A study of fire statistics in Massachusetts 2003-2016 shows that fires involving furniture caused 14% of all residential fire deaths. Data was assessed from 158 862 residential fires reported as causing human or monetary damage. Fires with no information on fire cause and intentional fires were excluded, leaving 34 081 fires analysed. Of these, 2% were identified as starting in upholstered furniture, but these caused 14% of fire deaths. Fires starting in upholstered furniture had a higher risk of fire death than those starting in other items. This does not take into account fires starting in other items, but spreading via furniture. The authors however choose to emphasise in the study conclusions the higher casualty risk from fires started in furniture by smoking materials (38 such casualties, that is a low number on which to base conclusions) compared to furniture fires started by open flame sources. It is noted that casualties from fires started by smoking materials did not decrease after the 2008 Massachusetts Fire Safe Cigarette law. No attempt is made to analyse whether the higher casualties from fires started by smoking materials might be related to socio-economic factors (income, housing quality, alcohol consumption …) which may be correlated to smoking.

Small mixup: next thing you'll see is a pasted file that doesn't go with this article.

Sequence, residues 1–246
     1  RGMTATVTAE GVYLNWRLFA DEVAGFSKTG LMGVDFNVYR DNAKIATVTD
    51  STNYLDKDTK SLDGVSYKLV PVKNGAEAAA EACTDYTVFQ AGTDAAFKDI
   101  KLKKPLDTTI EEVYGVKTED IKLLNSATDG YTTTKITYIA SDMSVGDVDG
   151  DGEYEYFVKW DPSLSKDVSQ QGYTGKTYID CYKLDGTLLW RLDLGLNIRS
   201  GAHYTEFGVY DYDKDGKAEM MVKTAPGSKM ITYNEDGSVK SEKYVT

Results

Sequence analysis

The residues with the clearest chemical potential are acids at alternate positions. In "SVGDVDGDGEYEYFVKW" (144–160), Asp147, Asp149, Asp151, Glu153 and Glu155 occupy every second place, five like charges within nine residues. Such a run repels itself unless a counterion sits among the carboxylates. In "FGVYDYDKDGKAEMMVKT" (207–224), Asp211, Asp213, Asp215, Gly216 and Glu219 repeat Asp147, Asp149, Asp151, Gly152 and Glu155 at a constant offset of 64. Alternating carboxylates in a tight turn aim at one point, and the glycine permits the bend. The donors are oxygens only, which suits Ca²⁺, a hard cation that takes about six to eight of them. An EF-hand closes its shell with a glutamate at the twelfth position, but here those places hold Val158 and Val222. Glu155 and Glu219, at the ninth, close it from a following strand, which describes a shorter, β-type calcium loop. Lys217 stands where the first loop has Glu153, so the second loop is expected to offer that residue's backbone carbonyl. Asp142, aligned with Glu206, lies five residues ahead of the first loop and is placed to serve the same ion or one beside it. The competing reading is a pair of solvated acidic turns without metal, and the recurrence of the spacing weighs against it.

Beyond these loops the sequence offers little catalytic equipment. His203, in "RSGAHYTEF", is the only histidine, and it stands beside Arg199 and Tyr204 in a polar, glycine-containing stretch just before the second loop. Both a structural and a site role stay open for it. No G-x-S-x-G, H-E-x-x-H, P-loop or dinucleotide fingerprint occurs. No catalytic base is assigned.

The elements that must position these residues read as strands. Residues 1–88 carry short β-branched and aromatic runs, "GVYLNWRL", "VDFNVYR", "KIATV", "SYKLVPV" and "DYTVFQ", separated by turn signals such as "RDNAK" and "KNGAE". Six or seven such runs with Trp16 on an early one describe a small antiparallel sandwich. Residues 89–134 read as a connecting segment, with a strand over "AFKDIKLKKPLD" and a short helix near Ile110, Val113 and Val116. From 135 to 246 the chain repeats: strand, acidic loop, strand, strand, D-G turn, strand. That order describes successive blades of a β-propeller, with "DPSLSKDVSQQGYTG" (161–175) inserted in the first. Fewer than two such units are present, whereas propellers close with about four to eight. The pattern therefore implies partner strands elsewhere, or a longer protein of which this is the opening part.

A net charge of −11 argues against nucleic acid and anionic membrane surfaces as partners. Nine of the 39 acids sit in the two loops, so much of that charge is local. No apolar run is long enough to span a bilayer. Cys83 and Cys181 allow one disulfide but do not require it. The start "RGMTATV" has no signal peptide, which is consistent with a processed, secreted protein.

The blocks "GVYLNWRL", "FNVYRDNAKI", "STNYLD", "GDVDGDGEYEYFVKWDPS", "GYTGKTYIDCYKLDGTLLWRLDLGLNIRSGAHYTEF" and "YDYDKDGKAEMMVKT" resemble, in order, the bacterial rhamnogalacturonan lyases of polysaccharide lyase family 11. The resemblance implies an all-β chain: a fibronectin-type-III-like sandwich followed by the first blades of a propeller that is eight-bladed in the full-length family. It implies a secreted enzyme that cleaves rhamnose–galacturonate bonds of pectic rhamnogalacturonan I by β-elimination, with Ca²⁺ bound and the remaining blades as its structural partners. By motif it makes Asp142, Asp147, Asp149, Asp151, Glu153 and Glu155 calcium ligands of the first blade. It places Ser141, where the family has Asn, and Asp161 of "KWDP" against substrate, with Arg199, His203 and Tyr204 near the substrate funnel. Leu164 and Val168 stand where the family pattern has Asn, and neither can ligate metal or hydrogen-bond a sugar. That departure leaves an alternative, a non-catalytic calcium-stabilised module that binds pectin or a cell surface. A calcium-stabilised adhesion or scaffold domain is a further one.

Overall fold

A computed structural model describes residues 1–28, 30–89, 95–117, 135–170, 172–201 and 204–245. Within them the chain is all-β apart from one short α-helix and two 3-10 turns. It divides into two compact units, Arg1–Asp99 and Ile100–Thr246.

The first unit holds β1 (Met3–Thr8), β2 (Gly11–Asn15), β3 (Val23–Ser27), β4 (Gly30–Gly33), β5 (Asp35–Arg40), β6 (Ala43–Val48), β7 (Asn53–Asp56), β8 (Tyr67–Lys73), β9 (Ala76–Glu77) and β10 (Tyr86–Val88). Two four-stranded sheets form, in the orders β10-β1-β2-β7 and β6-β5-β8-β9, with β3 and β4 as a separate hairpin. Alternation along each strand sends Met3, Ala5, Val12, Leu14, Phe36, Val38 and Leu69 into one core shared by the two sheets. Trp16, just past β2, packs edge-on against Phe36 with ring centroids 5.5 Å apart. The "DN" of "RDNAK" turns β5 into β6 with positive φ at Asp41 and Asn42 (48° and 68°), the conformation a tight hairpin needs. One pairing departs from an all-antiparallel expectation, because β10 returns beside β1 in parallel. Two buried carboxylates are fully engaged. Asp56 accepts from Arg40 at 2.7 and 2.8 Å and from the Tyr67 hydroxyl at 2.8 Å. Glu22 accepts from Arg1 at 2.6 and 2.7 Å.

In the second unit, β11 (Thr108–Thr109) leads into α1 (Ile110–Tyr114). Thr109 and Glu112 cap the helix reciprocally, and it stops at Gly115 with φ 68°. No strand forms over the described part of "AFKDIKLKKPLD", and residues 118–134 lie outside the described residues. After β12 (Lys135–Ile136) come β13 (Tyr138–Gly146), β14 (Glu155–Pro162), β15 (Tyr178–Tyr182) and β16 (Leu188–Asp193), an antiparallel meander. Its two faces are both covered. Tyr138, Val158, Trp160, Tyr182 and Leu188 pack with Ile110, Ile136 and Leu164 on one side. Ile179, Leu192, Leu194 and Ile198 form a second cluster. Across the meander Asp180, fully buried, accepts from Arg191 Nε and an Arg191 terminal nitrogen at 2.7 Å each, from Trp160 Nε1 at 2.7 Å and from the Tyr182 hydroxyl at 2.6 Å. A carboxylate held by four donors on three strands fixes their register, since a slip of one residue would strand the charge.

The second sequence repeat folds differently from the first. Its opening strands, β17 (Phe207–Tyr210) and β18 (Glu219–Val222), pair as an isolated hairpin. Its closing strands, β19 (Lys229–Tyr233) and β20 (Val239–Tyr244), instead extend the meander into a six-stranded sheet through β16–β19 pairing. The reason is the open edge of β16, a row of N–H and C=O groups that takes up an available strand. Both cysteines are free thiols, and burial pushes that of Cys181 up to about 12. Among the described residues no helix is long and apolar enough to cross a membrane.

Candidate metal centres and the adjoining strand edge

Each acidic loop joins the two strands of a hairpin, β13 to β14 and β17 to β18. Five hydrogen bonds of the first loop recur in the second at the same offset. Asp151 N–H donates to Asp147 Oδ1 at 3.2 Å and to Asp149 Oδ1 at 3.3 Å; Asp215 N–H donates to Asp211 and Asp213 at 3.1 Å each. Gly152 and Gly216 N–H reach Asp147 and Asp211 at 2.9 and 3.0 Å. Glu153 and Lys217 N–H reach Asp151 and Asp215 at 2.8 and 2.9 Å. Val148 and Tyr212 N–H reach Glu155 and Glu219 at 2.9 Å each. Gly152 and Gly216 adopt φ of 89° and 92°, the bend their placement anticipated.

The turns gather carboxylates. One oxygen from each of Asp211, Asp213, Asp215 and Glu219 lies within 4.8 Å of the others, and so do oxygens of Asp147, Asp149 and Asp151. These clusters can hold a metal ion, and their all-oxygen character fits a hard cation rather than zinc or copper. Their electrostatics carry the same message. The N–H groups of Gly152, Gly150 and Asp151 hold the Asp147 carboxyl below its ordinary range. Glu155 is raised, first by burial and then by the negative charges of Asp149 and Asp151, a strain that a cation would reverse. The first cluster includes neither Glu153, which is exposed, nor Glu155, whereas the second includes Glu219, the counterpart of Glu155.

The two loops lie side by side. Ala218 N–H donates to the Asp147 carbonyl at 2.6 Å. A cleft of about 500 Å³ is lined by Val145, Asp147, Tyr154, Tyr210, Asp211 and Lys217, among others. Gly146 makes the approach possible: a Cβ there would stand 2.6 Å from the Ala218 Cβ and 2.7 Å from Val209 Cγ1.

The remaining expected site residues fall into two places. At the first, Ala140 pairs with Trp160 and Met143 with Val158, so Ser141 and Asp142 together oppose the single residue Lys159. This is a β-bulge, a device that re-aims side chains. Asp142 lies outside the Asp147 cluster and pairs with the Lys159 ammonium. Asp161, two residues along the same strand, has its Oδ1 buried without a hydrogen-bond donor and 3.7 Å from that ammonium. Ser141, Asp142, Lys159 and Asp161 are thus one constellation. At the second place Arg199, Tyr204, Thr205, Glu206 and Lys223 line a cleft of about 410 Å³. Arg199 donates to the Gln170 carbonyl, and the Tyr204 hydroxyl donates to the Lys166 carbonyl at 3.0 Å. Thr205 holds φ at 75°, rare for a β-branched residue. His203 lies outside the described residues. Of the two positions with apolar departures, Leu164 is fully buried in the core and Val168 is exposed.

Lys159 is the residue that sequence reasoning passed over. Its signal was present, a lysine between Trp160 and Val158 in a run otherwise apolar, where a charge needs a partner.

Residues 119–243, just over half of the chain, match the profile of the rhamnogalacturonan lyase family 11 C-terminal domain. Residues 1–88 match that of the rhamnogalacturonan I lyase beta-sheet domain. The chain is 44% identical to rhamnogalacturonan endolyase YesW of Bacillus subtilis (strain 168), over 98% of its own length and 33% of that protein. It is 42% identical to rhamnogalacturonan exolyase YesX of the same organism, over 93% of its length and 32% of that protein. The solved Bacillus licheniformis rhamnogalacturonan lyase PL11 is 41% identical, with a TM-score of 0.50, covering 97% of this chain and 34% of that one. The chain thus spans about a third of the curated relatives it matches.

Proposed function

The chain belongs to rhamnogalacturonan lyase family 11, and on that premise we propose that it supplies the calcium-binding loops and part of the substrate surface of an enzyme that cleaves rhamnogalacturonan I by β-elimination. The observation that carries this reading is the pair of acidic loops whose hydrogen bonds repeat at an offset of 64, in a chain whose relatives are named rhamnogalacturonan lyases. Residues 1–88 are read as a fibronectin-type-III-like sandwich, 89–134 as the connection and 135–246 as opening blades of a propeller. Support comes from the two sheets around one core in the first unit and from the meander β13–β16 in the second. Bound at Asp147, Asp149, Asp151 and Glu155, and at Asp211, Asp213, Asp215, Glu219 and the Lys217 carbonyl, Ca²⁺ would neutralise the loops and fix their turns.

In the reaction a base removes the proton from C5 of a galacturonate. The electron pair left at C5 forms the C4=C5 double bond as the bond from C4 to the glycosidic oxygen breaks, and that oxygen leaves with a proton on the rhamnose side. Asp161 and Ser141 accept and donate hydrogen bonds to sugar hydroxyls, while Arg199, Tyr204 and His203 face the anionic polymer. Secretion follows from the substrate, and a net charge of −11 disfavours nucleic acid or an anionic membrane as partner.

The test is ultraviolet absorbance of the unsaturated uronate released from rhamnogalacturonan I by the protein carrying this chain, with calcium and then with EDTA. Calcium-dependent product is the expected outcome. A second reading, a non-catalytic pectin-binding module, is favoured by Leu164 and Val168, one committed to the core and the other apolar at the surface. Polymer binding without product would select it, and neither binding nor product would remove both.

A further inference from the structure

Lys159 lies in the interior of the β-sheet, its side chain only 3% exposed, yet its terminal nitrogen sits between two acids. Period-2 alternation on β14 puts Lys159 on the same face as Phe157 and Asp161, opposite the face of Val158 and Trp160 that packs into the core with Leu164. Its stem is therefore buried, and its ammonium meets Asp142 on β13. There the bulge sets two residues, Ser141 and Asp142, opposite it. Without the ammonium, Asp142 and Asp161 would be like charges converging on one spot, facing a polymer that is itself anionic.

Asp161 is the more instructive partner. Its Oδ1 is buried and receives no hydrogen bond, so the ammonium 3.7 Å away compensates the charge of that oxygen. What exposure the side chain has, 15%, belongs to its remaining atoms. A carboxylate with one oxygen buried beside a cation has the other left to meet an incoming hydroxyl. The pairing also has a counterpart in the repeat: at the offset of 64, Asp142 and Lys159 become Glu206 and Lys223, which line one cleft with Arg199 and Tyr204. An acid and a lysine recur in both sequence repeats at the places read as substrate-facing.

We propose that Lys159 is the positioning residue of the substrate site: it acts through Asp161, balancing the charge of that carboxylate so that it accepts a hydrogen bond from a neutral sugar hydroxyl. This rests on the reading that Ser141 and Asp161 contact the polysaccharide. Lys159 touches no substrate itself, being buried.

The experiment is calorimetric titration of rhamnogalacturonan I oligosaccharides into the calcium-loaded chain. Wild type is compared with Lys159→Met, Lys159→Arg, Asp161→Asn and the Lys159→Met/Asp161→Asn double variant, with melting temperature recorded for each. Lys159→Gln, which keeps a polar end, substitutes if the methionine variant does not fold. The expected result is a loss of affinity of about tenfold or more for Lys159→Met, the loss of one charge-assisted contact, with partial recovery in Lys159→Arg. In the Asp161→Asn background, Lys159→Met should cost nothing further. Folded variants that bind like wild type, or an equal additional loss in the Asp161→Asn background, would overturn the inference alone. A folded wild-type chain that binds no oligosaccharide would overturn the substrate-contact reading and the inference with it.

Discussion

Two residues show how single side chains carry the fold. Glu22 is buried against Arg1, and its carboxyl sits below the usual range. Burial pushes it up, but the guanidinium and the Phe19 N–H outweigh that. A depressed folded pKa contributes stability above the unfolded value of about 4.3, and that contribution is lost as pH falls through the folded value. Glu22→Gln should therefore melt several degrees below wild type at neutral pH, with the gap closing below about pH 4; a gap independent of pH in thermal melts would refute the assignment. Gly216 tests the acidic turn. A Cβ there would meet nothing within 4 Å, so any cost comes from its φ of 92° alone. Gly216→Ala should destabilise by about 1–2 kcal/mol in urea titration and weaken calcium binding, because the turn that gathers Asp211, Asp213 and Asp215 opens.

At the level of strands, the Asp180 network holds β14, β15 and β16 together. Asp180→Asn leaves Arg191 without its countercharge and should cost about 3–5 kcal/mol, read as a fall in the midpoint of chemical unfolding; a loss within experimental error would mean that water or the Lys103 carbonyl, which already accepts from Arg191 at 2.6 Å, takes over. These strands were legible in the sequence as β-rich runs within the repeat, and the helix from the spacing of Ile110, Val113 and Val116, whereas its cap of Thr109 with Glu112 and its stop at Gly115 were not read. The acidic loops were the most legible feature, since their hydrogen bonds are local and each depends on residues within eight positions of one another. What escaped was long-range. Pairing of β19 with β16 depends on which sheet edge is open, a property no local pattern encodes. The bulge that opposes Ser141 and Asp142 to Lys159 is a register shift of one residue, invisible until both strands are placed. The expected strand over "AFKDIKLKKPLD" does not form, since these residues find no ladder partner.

“Health Toll From Open Flame and Cigarette-Started Fires on Flame-Retardant Furniture in Massachusetts, 2003–2016”, K. Rodgers et al., Research and Practice 2019 https://doi.org/10.2105/AJPH.2019.305157 Study supported by Healthy Babies Bright Futures and by Silent Spring Institute.